Monday, February 27, 2006

Resisting Emotional Distractions

With emotional distractors (in this study, emotionally-provoking images), the cool executive (blue) areas of the brain (dIPFC) get turned down, while emotional centers like the amygdala flare up.



People vary in their ability to resist emotional distractions.



An examination of individual differences suggested that area of the right ventral IPFC may be important for resisting emotional distractions.

It comes as no surprise that emotional distractions affect work performance on the job, on the playing field, or in classrooms. For students, emotional triggers may not have to be big - worry may even turn off working memory.

Emotional Distractions and fMRI
Emotional Intelligence & Work Performance
Eide Neurolearning Blog: The Biology of 'Choking' Under Stress
Eide Neurolearning Blog: Understanding Our Psych Outs - Race, Gender, and Smarts
Emotional Lives of Gifted Children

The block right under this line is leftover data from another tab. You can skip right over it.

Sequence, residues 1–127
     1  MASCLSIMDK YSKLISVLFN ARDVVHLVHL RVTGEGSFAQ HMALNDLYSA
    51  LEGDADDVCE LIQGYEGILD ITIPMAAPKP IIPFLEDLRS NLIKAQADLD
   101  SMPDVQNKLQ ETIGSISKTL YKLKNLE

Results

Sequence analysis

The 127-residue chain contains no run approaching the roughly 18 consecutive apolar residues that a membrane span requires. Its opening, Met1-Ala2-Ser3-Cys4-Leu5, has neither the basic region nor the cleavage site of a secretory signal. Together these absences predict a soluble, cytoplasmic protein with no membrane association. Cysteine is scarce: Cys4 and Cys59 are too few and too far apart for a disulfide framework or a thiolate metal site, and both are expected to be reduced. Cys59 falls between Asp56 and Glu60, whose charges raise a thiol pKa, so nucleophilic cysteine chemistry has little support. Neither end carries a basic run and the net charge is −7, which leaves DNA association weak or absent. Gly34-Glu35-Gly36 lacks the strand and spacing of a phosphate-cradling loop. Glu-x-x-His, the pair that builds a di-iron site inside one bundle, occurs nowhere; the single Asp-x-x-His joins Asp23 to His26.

Raising Resilient Kids
Hoagies' Gifted Education: Social / Emotional
FastCompany: How Do You Feel?
Emotional Intelligence and Six Seconds

2 comments:

  1. Hi - I am very interested by a lot of what you post but am having trouble determining what the activation reflects - i.e., what are the comparison conditions? If you could start posting them that would be great! Thanks,
    -Chris

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  2. Hi there Chris!

    Thanks for helping us discover about our mistake with the comments.

    This was a particularly difficult study to post about because there's a lot of data (check out the first link), and it might have been overly ambitious to blog on it.

    The study involved remembering faces, then having emotional, neutral, or scrambled pictures flashed in between. An example of an emotional picture was a man holding a gun up to a woman.

    The interesting finding was as the emotional content of the distractor when up, the visual working memory areas turned down.

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